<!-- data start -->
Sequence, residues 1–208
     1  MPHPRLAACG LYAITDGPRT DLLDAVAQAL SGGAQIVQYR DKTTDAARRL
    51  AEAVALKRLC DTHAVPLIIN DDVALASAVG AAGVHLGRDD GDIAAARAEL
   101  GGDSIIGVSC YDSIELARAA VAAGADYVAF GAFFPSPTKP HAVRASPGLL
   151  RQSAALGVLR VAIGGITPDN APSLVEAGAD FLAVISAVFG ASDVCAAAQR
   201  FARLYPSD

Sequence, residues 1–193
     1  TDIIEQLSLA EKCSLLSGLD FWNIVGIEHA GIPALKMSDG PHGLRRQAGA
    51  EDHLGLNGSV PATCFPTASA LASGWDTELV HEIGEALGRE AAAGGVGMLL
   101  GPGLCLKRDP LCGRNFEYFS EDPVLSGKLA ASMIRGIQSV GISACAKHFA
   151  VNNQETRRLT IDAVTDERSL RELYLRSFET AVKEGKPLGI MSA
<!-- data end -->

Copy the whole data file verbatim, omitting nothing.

Sequence, residues 1–208
     1  MPHPRLAACG LYAITDGPRT DLLDAVAQAL SGGAQIVQYR DKTTDAARRL
    51  AEAVALKRLC DTHAVPLIIN DDVALASAVG AAGVHLGRDD GDIAAARAEL
   101  GGDSIIGVSC YDSIELARAA VAAGADYVAF GAFFPSPTKP HAVRASPGLL
   151  RQSAALGVLR VAIGGITPDN APSLVEAGAD FLAVISAVFG ASDVCAAAQR
   201  FARLYPSD

Sequence, residues 1–193
     1  TDIIEQLSLA EKCSLLSGLD FWNIVGIEHA GIPALKMSDG PHGLRRQAGA
    51  EDHLGLNGSV PATCFPTASA LASGWDTELV HEIGEALGRE AAAGGVGMLL
   101  GPGLCLKRDP LCGRNFEYFS EDPVLSGKLA ASMIRGIQSV GISACAKHFA
   151  VNNQETRRLT IDAVTDERSL RELYLRSFET AVKEGKPLGI MSA